A smart, ambitious Arsenal would’ve ponied up the cash it would’ve taken to get Sánchez’s signature on a new contract back a season or two ago, when his salary demands were high but realistic. (By the time Alexis had made it clear he planned on leaving for free in the summer of 2018, the Gunners had no chance of matching his requested salary even if they’d wanted to. Hell, even Manchester City blanched at the crazy money United were willing to throw around. Still, Arsenal definitely could’ve signed Sánchez up for a couple more years had they been more willing to expand their salary structure for him when they had the opportunity.)
The £280,000/week wage would have made Alexis the second-highest paid player in the EPL, barely trailing Paul Pogba, a salary that would have been higher than better players than him, such as de Bruyne, Hazard, and Harry Kane. Yeah, sure, it’s Arsenal’s fault for not ponying up the money.
A proud Arsenal would’ve stuck to their guns, making Sánchez play out the entirety of his contract, in the process retaining their best hopes of securing Champions League soccer next season through either a top-four finish or a Europa League title, and demonstrating to fans and the rest of the league that the days of them being bullied by the bigger clubs were over.
And here’s where Haisley owns himself. What the fuck, my guy? A proud Arsenal would have stuck to their guns making Alexis play out the entirety of his contract? You said that Arsenal were forced to assent to van Persie. It’s the same situation! And guess what? With Alexis on board, Arsenal are throwing up their worst season under Arsene Wenger. Retaining him has proven to be a very shit strategy, yet you think “principles” and “morals” to prove…something…are worth more to clubs than fucking money. Get to fuck.
Rather than that, Arsenal revealed themselves to be just as cowardly and money-conscious as ever, accepting a United castoff in exchange for one of their own crown jewels.
Maybe, just maybe, this is part because Alexis Sanchez was never getting £500,000 a week from any club in the entire solar system other than Manchester United. PSG and Manchester City, the two clubs whose owners have enough money to spend £500 million on a singular painting, were never giving Alexis that sort of wage. But yeah, Arsenal are cowards and money-conscious.
From their perspective, the Mkhitaryan trade is the best they could’ve hoped for. Mkhitaryan is only a year and a half removed from being the best player in the Bundesliga, and if Wenger can coax the Armenian back into a state of confidence with promises of attacking freedom and beautiful interplay with Özil and Lacazette and Jack Wilshere and Aaron Ramsey, there are perfectly good odds that Mkhitaryan comes good. That said, their new attacker isn’t quite a natural fit. For one, Mkhitaryan is 29 (though how old is 29 really?), and in an already aging squad with at best a couple players you could realistically imagine winning an EPL title, it’s difficult to see why the club would clog up so much money in a key attacking position for an older player who doesn’t seem to advance the squad’s needed rebuild.
Because Arsenal was never going to bridge the divide between letting Alexis’s status linger into this month unresolved, and going through a complete and thorough squad rebuild, in January alone. Further, bringing in the quality of Mkhitaryan and, soon, Pierre-Emerick Aubameyang is exactly what Arsenal needs to do to replace the experience Alexis leaves behind. Bordeaux’s Malcom was rumored for quite some time a couple weeks ago, until Arsenal realized he’s had less than half a season of solid production and would have cost them £50 million. That’s the player you buy for the future (and with more end-product than what Malcom’s given Bordeaux, a side lingering near the bottom of the table), whereas Alexis’s departure needed replacements added immediately. These two moves do that.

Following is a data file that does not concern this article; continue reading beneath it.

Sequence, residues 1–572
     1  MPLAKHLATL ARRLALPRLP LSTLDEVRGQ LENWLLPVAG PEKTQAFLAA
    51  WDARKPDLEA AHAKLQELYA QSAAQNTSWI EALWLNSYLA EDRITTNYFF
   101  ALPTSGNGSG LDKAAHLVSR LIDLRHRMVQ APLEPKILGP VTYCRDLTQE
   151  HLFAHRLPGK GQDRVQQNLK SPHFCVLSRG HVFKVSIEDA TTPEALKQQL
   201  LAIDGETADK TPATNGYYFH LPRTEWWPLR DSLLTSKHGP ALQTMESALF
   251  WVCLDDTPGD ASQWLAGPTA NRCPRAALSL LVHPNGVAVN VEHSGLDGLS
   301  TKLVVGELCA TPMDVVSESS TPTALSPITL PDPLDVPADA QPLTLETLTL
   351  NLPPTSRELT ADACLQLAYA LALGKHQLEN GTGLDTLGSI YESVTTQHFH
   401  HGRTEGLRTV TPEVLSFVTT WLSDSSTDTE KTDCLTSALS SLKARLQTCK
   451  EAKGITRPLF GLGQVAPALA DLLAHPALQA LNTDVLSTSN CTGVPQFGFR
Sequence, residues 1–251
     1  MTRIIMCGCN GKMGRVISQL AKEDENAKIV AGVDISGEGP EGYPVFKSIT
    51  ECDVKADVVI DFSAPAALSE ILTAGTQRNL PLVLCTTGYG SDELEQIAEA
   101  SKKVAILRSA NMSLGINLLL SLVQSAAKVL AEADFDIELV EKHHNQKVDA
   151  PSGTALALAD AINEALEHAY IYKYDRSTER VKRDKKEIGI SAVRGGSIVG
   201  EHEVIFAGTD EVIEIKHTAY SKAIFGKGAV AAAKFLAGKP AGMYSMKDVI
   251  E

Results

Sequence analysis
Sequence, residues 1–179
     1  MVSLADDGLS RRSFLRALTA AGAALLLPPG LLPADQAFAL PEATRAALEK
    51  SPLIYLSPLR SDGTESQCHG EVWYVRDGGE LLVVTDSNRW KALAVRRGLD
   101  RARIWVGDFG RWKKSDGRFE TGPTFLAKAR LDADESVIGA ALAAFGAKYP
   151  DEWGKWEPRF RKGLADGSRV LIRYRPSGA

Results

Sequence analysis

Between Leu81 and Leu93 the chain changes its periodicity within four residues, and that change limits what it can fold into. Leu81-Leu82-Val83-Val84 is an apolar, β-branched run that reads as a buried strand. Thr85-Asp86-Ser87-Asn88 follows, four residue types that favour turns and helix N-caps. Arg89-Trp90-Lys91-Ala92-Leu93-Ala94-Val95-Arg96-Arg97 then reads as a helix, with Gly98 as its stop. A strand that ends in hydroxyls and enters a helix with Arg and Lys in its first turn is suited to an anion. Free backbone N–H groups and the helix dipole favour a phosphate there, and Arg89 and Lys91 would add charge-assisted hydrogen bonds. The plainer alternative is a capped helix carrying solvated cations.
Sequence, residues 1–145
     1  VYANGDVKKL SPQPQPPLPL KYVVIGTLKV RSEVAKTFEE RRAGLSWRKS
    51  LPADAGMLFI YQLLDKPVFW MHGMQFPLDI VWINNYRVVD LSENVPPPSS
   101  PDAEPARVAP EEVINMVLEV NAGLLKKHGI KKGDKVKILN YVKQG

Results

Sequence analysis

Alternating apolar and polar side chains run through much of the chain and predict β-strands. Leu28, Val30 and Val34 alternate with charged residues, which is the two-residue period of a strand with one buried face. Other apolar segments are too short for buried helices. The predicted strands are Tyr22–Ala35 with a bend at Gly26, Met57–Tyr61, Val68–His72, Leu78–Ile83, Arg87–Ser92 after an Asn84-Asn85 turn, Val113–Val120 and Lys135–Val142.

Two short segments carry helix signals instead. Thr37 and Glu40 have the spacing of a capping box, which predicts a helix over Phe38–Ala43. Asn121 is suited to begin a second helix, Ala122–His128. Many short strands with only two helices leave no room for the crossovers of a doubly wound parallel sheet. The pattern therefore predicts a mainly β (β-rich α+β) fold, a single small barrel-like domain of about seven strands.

And probably worst of all is that the Mkhitaryan deal and the allegedly impending Aubameyang ones have ended Arsenal’s interest in Bordeaux’s 20-year-old Brazilian winger, Malcom, who is exactly the kind of young potential superstar the club should be prioritizing over an older player with limited upside like Mkhi.
Yeah, see, it’s hard to analyze the state of the club when you can’t stop your mouth from sucking your arms purple. Maybe Haisley finally gets around to proving his point…
Sánchez too made a good decision, leaving a perennial also-ran in favor of a club with at least a real possibility of winning big things in the near future, and will be racking up lots of minutes and truly insane amounts of money while doing so. (Both of those things—minutes and money—wouldn’t have been in such steady supply had he joined his other suitors in Man City, though his chances for trophies would’ve been much better.)
WAIT A FUCKING MINUTE!
YOU SPENT THE BETTER PART OF 700 WORDS AT THE BEGINNING OF YOUR ARTICLE SAYING THAT VAN PERSIE LEFT ARSENAL TO WIN TROPHIES, THAT ARSENAL WAS INEPT ENOUGH TO NEVER PROVIDE THAT FOR HIM, AND THAT HE WENT TO UNITED TO WIN TROPHIES.
YOU POSTED AN IMAGE OF VAN PERSIE HOLDING THE EPL TROPHY, AS IF THIS WAS SUPPOSED TO MAKE US FEEL BAD! AND YET, YOU ADMIT THAT ALEXIS HAS VERY MINIMAL CHANCES OF WINNING SILVERWARE AT UNITED!
/world’s longest fart noise
Seriously, Bill. A brain-damaged snow monkey could do a better job than this. And probably has, somewhere.
For Arsenal, though, the transfer only creates more uncertainty and unrest.
Francis Coquelin (!!!), one of the least-talented players the club consistently started for a period of time since well before Wenger arrived 21 years ago, was celebrated and wished a fond farewell by every teammate of his at Arsenal with a social media account when he left earlier this month for Valencia. Go take a look at Twitter, Instragram, and Facebook, Billy, and find those same players saying goodbye to Alexis on those platforms. Go ‘head, I’ll wait to hear which ones are your favorites.
A top-tier club with dreams of winning the title should not be locking older players into big contracts, especially not players for whom there exists persuasive evidence that they just might not be good enough anymore.
Yeah, same. I very much disagree with paying a player half a million pounds per week well into his early 30’s when all empirical evidence suggests that he’s starting the decline of his career.
For all the talk about Arsenal are now something more than what they have been over the past decade or so—the kind of club that would find a legit star like a van Persie or a Sánchez only to let them go win titles elsewhere in England—moves like this latest transfer seem to say that Arsenal remain who they’ve long been, and they don’t have much interest in changing that.
Except for the fact that Arsenal is taking away power from Arsene Wenger through multiple backroom appointments, and they shrewdly pawned off a guy disliked by virtually every teammate of his searching for the best possible pay day to their direct rival, in return for a player who furthers their ability to create goals and has been described as a model squad member and person by everyone who has spent time around him. Except for that, you’re right on, Billy.
TL;DR, Billy Haisley is awful and should probably stop writing